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Research Project by Chris Dibble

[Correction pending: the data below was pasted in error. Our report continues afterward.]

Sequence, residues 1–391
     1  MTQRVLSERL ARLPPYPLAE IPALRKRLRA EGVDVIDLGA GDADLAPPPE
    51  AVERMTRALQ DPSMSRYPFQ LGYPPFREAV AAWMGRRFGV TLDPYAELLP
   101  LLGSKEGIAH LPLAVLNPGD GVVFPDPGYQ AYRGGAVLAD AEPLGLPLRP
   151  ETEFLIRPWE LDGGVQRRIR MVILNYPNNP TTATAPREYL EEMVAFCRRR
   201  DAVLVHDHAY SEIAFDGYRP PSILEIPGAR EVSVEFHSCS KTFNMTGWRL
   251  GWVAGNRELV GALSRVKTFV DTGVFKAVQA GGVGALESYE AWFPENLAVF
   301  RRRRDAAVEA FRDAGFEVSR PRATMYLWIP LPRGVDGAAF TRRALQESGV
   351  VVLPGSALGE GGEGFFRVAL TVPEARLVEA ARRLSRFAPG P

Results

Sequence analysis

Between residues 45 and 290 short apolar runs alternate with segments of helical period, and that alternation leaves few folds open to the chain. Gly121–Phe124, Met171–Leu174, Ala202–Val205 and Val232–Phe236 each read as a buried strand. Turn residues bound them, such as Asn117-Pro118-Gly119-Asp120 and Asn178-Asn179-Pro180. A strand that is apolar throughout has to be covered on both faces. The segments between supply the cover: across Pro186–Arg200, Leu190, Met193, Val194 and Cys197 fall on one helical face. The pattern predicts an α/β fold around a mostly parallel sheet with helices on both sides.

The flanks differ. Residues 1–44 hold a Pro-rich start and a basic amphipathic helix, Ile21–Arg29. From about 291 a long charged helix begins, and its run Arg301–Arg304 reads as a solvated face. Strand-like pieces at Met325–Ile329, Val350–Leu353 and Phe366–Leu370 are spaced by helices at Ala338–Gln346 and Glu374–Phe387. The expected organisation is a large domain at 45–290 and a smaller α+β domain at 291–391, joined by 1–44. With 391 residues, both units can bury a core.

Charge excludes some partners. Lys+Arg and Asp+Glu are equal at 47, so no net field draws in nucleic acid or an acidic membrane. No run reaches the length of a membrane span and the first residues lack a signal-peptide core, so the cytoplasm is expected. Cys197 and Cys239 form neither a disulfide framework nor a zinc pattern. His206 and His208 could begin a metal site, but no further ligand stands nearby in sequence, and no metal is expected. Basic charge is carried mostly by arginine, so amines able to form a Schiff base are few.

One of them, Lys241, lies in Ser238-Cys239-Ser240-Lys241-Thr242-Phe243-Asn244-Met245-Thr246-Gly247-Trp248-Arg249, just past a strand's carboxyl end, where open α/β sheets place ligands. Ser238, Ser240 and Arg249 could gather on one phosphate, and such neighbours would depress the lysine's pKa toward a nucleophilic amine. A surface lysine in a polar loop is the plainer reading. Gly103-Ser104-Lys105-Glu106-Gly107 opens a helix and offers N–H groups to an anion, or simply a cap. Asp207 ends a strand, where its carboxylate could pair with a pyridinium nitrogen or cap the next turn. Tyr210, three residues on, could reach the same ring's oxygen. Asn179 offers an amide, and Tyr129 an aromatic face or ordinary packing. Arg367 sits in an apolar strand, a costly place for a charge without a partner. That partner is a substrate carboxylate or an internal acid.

Dibble research image The goal of my research is to improve understanding of the cell signaling events controlled by the three Cerebral Cavernous Malformation (CCM) proteins. Mutation of any one of these proteins can result in development of Cerebral Cavernous Malformations, vascular lesions that can cause seizure, stroke, and focal neurological deficits. Currently, surgery or radiotherapy are the only treatment options, yet both are associated with significant risks and side effects. Thus, I hope to contribute towards development of a non-invasive pharmacological treatment for this disease. My work focuses on two main areas. The first is defining the important cytoskeletal signaling axis controlled by the CCM proteins. We recently showed that the CCM proteins regulate levels and activation of the small GTPase RhoA and its effector Rho kinase, and that loss of the CCM proteins results in a number of phenotypic and biochemical defects in endothelial cells. I hope to further define CCM regulation of the actin cytoskeleton in endothelial cells and find targets for pharmacological therapeutic intervention. My second focus is on characterizing CCM biology in the context of actual human patients. Thus far, all CCM research has been conducted with RNAi or in mouse models, each of which has limitations compared to cells from CCM mutation carriers. Using a novel technique, I am isolating and growing cells from human patients. This will allow, for the first time, the ability to accurately define the pathophysiology of CCM mutation in people affected by this prevalent and complex disease.

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